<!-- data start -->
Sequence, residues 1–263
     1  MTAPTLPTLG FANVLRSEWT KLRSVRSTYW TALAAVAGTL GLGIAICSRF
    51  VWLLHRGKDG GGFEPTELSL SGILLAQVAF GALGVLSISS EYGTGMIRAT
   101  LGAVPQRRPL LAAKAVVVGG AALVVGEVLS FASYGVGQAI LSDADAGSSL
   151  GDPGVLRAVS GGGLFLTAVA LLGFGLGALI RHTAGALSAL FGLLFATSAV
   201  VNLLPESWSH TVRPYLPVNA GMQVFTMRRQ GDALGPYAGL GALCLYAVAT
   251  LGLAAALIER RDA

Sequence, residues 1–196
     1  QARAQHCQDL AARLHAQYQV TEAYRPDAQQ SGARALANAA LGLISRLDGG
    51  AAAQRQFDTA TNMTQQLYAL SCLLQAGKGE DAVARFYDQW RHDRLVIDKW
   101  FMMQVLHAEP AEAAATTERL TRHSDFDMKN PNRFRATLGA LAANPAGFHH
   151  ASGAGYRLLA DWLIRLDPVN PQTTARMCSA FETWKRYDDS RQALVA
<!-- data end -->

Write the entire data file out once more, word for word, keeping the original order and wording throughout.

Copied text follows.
Sequence, residues 1–263
     1  MTAPTLPTLG FANVLRSEWT KLRSVRSTYW TALAAVAGTL GLGIAICSRF
    51  VWLLHRGKDG GGFEPTELSL SGILLAQVAF GALGVLSISS EYGTGMIRAT
   101  LGAVPQRRPL LAAKAVVVGG AALVVGEVLS FASYGVGQAI LSDADAGSSL
   151  GDPGVLRAVS GGGLFLTAVA LLGFGLGALI RHTAGALSAL FGLLFATSAV
   201  VNLLPESWSH TVRPYLPVNA GMQVFTMRRQ GDALGPYAGL GALCLYAVAT
   251  LGLAAALIER RDA

Sequence, residues 1–196
     1  QARAQHCQDL AARLHAQYQV TEAYRPDAQQ SGARALANAA LGLISRLDGG
    51  AAAQRQFDTA TNMTQQLYAL SCLLQAGKGE DAVARFYDQW RHDRLVIDKW
   101  FMMQVLHAEP AEAAATTERL TRHSDFDMKN PNRFRATLGA LAANPAGFHH
   151  ASGAGYRLLA DWLIRLDPVN PQTTARMCSA FETWKRYDDS RQALVA